Lawyer: Pursuit of 'war criminal' Israelis to continue

UK lawyer says pursuit o

October 1, 2009 04:31
2 minute read.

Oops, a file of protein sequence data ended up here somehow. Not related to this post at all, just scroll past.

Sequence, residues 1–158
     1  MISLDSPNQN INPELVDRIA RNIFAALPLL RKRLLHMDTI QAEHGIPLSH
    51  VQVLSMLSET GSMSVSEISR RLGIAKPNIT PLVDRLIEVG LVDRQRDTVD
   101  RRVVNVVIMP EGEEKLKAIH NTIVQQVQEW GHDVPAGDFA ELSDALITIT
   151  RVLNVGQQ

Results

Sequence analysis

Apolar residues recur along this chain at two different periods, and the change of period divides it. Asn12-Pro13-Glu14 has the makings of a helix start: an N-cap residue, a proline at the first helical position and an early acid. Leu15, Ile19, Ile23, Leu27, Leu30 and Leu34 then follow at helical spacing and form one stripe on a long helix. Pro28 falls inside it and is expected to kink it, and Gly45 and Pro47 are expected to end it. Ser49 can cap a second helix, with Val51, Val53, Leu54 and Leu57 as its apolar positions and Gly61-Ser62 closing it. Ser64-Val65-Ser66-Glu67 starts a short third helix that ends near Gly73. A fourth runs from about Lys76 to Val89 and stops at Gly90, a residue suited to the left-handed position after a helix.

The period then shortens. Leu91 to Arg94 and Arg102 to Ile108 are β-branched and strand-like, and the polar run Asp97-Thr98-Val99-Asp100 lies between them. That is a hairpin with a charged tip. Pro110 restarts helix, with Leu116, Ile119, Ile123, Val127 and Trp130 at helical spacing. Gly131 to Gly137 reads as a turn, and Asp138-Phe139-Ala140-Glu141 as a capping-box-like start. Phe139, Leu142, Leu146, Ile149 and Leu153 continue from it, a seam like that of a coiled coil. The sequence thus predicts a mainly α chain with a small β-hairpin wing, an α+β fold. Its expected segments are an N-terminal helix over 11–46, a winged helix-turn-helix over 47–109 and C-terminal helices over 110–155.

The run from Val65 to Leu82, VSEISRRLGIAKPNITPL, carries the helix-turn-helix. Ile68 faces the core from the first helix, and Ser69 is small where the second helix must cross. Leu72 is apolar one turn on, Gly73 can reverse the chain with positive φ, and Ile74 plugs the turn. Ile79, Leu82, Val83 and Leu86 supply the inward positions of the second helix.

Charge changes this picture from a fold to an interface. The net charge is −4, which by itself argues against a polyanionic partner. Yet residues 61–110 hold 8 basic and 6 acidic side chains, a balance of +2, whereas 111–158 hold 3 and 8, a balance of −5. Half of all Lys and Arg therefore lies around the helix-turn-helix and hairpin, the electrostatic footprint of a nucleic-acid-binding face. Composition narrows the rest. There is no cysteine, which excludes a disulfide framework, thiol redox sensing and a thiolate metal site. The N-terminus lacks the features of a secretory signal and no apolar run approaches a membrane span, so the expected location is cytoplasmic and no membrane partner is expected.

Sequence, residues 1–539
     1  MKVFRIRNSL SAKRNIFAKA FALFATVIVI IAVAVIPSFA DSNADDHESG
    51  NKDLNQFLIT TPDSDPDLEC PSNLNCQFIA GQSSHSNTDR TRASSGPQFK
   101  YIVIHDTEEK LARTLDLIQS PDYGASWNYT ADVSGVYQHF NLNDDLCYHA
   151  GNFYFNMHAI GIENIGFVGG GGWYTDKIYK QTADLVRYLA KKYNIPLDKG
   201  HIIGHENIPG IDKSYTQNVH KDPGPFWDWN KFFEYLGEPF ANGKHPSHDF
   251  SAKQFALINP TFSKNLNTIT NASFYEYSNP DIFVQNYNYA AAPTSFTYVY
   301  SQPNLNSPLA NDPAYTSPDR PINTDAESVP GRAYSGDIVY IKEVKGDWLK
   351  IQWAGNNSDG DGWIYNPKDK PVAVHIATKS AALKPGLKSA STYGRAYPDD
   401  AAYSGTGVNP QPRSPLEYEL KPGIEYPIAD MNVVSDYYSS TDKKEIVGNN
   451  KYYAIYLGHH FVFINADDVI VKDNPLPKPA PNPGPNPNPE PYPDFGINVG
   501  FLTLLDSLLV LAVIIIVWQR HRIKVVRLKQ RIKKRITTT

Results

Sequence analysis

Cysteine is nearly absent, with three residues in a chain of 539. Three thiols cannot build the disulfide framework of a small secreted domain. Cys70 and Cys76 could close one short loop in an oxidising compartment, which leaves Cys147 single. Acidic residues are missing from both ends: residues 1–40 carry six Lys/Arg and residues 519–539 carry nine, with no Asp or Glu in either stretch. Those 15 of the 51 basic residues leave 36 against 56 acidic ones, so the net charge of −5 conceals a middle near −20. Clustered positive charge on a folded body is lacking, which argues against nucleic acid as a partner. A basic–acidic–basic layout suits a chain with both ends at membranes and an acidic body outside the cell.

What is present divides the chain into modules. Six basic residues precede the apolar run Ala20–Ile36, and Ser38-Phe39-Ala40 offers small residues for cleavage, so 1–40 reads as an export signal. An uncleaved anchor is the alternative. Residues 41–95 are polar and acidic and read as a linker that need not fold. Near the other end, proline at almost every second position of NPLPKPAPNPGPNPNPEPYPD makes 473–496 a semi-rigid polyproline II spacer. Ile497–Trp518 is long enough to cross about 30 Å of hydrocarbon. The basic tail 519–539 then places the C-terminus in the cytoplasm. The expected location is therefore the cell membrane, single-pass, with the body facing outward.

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LONDON - British lawyers who called for an arrest warrant to be issued for Defense Minister Ehud Barak in London on Tuesday have vowed to continue to investigate and "bring to justice" Israelis who have committed "war crimes." "On behalf of [our] clients, our remit is to continue to investigate these crimes and bring to justice those committing these crimes," Tayab Ali, a lawyer with Irvine Thanvi Natas (ITN) told The Jerusalem Post. "Professionally, I think there is [a] case to answer, the allegations are so strong that [there] needs to be resolution. These allegations needs to be answered and the UK is failing to do this. Therefore, it falls on private lawyers to do so on a private basis - this is a sad indictment [of] British justice," he said. The British barrister who filed the application, Michel Massih QC, said, "There are allegations of war crimes, there are families seeking redress, and because these families are seeking redress, they have asked the advice of lawyers in Palestine, who have asked the advice of lawyers in the UK." Ali said there should be an investigation at the state or international level, instead of it falling to individuals to pursue private prosecutions. "The investigation of war crimes is not individual responsibility, it is state responsibility, therefore the state, or [the] International Criminal Court [ICC] should actively investigate these serious issues in a public manner. When a state fails to do this, it is up to individuals to [undertake] private prosecutions, and this is not right," he said. In reference to the Goldstone Report, he said there were serious allegations that Israel should engage with and investigate while it still could. "Israel ignoring the [Goldstone] report doesn't mean Israel will escape it - eventually it [will] come under the remit of the ICC. Israel should engage with the report and take seriously its findings while it is in their jurisdiction." According to Ali, the judge said allegations of war crimes had been well documented, and it was only his diplomatic immunity that saved Barak. On Tuesday, Deputy Senior District Judge Daphne Wickham at Westminster Magistrate's Court concluded that, as defense minister and deputy prime minister of Israel, Barak had immunity from prosecution in the UK and that therefore an arrest warrant could not be issued. "I am satisfied that under customary international law Mr. Barak has immunity from prosecution ratione personae, as he would not be able to perform his functions efficiently if he were the subject of criminal process in this jurisdiction," she said. Ali called on Barak to waive his immunity to prove his innocence. "The minister has the option to remove his immunity and clear his name. He should stand trial in front of judge and jury and show his innocence," he said. Foreign Minister David Miliband said he had a very productive meeting with Barak. They discussed a range of issues, including the Middle East peace process, Gaza and Iran, he said, adding that dialogue with Barak was "an important part of the UK's engagement with Israel, a close ally."

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